Equal Pay for Equal Work — Eliminate the Gender Pay Gap Now!
The gender pay gap, a.k.a. wage gap, is the difference between the amount of money paid to women and men, often for doing the same work.
This subject is important because it’s time both men and women put an end to the wage gap. The issue of the gender wage gap and equal pay came up at the Women’s Leadership Center‘s Connect, Learn, & Thrive Professional Women’s Event held March 7 in New York. There, I served as a panelist and felt compelled to share my opinion. My answer when someone suggests she is not being paid fairly is to advocate for yourself, now.
Being your own spokesperson is not as hard as you think. Learn how to negotiate better pay wherever you work and regardless of your gender.
First, the Nasty Truth
Sarah Green Carmichael, executive editor at Harvard Business Review, posted an eye-opening article, “Women Dominate College Majors That Lead to Lower-Paying Work,” almost a year ago. Carmichael dives into data from Glassdoor and a series of studies to explore how gender, prestige, and pay are intertwined. She concludes that the pay gap is not as simple as we think. It’s not about women being pushed into lower-paying jobs. It’s about the way we value women versus men. Until that changes, women will never get paid equally for their work.
Underpaid Is Underpaid
We often approach equal pay solely as a woman’s issue. Yes, it’s true that a gender wage gap continues to exist as pointed out by Carmichael. In fact, women earned 23.7 percent less than men in 2016, according to Pay Scale. Similarly, according to the U.S. Department of Labor (DOL) Bureau of Statistics, women’s median earnings were 82 percent of men’s in 2016.
Research suggests a number of reasons for this, including the types of jobs and industries women enter, the amount of additional work they do in their households, and social norms about how women should behave in the workplace. In addition, many women never receive an education in voicing injustices. “It’s because women don’t negotiate,” wrote Carmichael.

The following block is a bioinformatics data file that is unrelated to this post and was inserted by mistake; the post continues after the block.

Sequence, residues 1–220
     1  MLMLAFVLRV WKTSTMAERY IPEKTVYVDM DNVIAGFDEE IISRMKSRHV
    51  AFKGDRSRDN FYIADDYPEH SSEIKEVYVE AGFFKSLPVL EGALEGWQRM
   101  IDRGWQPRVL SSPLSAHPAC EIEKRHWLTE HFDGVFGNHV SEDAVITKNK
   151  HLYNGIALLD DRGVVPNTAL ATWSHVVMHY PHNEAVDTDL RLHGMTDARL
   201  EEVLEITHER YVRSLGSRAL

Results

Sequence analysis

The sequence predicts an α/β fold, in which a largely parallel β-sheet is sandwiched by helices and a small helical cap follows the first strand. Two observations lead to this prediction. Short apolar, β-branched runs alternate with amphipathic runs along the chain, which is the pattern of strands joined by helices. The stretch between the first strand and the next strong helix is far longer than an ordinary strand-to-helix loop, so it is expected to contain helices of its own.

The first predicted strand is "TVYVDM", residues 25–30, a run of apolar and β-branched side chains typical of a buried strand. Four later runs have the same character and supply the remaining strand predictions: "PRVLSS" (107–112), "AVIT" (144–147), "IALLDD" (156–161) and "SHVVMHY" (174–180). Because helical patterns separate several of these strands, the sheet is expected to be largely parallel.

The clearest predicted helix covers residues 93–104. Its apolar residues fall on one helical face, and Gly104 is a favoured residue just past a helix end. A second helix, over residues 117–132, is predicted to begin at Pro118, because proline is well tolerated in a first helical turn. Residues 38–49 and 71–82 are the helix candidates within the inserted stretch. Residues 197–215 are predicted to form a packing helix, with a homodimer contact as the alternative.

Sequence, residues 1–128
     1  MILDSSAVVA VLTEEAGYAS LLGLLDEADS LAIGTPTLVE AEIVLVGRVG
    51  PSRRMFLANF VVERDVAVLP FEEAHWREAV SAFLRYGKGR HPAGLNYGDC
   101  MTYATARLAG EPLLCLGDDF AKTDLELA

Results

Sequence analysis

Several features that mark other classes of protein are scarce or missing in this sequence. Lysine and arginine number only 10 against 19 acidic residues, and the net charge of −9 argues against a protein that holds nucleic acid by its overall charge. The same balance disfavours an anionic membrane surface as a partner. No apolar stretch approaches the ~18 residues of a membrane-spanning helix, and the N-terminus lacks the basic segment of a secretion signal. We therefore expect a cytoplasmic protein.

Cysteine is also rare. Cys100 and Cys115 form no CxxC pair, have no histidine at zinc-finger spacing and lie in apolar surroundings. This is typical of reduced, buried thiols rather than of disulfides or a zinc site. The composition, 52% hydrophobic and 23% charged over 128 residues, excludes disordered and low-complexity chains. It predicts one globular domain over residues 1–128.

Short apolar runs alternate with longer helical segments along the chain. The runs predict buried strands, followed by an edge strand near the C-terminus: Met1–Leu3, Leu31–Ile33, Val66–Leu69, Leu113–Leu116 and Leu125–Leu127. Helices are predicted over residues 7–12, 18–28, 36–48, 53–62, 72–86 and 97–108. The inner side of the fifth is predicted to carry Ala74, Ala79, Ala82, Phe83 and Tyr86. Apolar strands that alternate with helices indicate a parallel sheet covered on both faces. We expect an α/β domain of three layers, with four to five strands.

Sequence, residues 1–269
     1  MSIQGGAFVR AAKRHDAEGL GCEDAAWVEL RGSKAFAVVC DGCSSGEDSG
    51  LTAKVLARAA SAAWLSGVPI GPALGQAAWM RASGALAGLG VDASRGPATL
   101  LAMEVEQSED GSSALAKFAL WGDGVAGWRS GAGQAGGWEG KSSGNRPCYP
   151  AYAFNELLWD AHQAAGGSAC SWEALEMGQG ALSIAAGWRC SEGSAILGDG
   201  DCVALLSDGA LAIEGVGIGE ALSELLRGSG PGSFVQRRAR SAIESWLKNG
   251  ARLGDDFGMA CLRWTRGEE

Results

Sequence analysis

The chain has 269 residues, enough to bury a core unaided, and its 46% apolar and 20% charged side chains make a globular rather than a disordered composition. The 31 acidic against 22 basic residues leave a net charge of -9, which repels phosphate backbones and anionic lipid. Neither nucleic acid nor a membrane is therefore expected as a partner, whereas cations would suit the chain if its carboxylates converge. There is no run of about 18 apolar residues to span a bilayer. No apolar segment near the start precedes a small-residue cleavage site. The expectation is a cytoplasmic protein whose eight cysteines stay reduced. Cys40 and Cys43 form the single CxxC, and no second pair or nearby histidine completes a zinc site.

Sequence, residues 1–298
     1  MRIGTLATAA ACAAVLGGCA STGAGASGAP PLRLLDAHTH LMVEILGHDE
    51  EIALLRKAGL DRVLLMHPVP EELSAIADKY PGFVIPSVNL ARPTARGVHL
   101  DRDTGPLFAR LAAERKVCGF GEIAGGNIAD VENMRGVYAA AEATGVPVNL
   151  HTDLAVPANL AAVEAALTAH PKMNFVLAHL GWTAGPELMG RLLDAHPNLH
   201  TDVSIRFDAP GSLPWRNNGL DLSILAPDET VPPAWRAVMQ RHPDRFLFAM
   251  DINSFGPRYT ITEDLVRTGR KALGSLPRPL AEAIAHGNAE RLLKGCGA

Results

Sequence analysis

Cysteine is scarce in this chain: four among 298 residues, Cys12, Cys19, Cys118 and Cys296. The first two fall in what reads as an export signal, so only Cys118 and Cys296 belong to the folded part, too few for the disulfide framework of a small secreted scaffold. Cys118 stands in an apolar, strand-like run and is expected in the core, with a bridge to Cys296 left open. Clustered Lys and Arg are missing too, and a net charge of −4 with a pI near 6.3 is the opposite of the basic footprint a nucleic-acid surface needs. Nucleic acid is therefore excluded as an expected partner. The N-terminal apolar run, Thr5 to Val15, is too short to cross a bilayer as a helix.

However, there are plenty of men, who feel underpaid, too. This is not a gender issue. It doesn’t really matter if you’re a man or woman. This advice applies to anyone who wants to be paid fairly for her or his work.
Research Pay Figures
The first step is to take to Google and search median and average salaries for people doing the same job as you. Sites, such as Pay Scale, Indeed, and Glassdoor are great places to seek answers. The 2010 Dodd-Frank Act requires U.S. publicly traded firms must now share their median employee pay and CEO pay, according to a recent story reported by the Wall Street Journal. More than 50 major companies have complied.
Search and read this kind of content, especially the salary curves. Write a report of your findings and print out the salary curves for your current position and the next two levels.
Keep in mind geography. In other words, try to find salary curves that are comparable to the part of the country in which you work. Make sure you thoroughly research pay figures, so you will have proof for comparison handy.
Know Your Value
Keep in mind women often undervalue themselves. Rasty Turek, founder and CEO of Pex, which helps people find, track, and monetize videos on the internet, realized this was the case when looking at Angellist, a site for finding potential new hires.
Women with the same qualifications were asking for less money than their male counterparts. So, he decided to analyze the available data. “I read studies claiming that women price their work lower than men, but I’ve never noticed it on my own,” he wrote on the Code Like a Girl website. “I wasn’t really sure if I was being fooled by my own head or if it was true, so I decided to confront the data.”